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Vermont’s rebellious folk hero: Ethan Allen

by on
in Best-Practices Leadership,Leaders & Managers

Little is known of founding father Ethan Allen beyond his bold predawn attack on Fort Ticonderoga during the American Revolution. But the roots of this fire­­brand’s leadership extend deep below his exploits with the Green Mountain Boys, his band of Vermont volunteers. Executive Leadership is pleased to welcome Ethan Allen:

EL: What is the driving force behind your leadership?

Allen: Ever since I reached manhood, I have felt such a passion for liberty that the tyrant’s attempt to enslave America thoroughly electrified my mind and fully determined me to take part with my country.

EL: You seem to have a particular talent for inspiring others. How do you do it?

Allen: I do not coerce them but allow them to choose their path freely. The boys themselves made a choice between valor as the first heroes of the Revolution, and risk of capture and deportation to England.

EL: What did you tell them?

Allen: “Friends and fellow soldiers, you have been a scourge and terror to arbitrary power. Your valor has been famed abroad. I now propose to advance before you and in person conduct you through the wicket-gate; for we must this morning either quit our pretensions to valor or possess ourselves of this fortress in a few minutes. I do not urge it on any contrary to his will.”

EL: Is it true that you once swore at the Salisbury selectmen and threatened them with a bullwhip?

Allen: I defended my honor. I swore by Jesus Christ and wished I might be bound down in hell with old Beelzebub a thousand years in the lowest pit and that every little insipid devil should ask why I was lying there if it should ever be said that I made a promise and did not keep it.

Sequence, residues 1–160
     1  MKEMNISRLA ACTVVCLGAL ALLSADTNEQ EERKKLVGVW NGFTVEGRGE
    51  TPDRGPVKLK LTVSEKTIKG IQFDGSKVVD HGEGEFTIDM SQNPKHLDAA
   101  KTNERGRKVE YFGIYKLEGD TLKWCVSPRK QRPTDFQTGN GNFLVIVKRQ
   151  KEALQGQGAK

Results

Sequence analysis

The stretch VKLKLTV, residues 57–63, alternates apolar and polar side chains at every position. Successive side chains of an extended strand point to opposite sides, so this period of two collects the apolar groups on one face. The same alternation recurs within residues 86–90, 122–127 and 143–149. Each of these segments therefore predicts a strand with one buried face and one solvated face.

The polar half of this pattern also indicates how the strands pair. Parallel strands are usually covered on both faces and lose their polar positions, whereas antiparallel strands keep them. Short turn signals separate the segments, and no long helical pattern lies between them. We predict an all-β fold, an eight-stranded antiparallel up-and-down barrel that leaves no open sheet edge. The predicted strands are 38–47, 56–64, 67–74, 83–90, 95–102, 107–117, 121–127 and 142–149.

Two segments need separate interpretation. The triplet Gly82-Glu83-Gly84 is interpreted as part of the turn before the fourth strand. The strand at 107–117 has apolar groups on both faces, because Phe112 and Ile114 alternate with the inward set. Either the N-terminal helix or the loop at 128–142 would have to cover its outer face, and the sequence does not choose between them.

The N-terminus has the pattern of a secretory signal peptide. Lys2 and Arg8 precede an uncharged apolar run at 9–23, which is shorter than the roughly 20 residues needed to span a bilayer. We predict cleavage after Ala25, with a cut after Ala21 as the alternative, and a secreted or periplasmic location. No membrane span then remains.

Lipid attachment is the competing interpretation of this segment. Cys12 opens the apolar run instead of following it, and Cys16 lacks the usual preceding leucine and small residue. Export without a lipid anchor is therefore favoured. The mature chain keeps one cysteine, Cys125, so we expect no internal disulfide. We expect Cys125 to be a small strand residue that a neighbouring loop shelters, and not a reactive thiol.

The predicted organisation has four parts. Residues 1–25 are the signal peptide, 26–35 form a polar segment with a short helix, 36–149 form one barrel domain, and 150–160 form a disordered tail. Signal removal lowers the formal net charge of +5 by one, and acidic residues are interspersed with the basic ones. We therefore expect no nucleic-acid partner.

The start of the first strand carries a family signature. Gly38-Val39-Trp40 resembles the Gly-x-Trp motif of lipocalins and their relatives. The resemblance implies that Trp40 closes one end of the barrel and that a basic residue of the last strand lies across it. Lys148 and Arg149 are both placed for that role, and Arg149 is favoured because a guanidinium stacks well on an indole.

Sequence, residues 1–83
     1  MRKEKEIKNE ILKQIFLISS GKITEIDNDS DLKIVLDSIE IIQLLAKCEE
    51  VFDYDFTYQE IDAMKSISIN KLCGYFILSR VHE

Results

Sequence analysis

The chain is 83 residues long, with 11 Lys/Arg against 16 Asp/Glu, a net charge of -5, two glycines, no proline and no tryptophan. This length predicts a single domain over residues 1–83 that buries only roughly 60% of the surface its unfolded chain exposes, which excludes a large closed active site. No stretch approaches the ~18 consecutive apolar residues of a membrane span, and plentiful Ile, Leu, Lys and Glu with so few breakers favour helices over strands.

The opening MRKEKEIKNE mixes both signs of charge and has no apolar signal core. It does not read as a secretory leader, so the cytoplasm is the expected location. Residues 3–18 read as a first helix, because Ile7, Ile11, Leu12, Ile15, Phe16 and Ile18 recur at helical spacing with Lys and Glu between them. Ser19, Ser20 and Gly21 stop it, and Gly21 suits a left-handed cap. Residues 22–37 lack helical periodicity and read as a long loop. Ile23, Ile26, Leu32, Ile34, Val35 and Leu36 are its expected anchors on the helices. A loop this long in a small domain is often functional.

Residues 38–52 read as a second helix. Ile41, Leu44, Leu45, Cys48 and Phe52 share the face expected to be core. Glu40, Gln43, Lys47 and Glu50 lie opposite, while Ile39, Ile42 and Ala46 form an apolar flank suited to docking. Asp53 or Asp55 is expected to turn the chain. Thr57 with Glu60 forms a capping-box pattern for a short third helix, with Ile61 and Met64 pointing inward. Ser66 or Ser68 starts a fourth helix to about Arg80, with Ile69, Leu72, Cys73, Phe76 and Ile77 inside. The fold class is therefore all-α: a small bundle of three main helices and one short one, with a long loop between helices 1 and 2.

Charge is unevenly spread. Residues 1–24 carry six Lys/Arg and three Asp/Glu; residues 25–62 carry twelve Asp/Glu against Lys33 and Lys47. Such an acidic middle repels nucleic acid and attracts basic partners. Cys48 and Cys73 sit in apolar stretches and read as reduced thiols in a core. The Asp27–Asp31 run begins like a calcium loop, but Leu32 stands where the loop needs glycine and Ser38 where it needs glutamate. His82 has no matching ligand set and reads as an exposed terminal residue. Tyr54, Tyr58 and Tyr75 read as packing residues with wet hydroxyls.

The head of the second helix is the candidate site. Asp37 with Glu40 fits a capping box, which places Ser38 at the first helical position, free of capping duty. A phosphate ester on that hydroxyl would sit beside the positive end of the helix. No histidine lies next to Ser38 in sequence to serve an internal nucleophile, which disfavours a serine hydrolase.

EL: There’s a lot of folklore about you, as if it weren’t enough that you influenced Thomas Paine and played a central role in gaining statehood for Vermont. Because your writings incited the “Bennington Mob,” you are accused of flouting the law.

Allen: I shall make no apology for writing those pamphlets and if occasion shall in future require, will freely do it again.

EL: When the British took you prisoner, you were not in the least bit cowed. It was unclear whether the rules of war extended to your style of Indian warfare.

Allen: I rejected their dishonorable and in­­­humane treatment. The commander asked me whether I was that Col. Allen who took Ticonderoga. I told him I was the very man.

EL: Didn’t George Washington himself try to save you from such miserable confinement?

Allen: Gen. Washington wrote to Gen. Howe that I had been taken prisoner near Montreal and objected to the fashion in which I was treated, without regard to decency, humanity or the rules of war. He informed the enemy that I had been thrown into irons and treated as a common felon.

EL: But they shipped you to London anyway and put you on trial.

Allen: I continued to treat them with scorn and contempt. Such conduct I judged would have a more probable tendency to my preservation than concession and timidity.

EL: Then they put you back on a ship to America.

Allen: Resistance gives me courage.

Sources: Ethan Allen: His Life and Times, Willard Sterne Randall, W.W. Norton & Co., and the ­Vermont Historical Society.

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{ 1 comment… read it below or add one }

Warren Crocker Herrick December 12, 2011 at 9:00 pm

Sounds like Ethan Allen was a strong conservative who would be opposed to the kind of tyrannical big government we have today.

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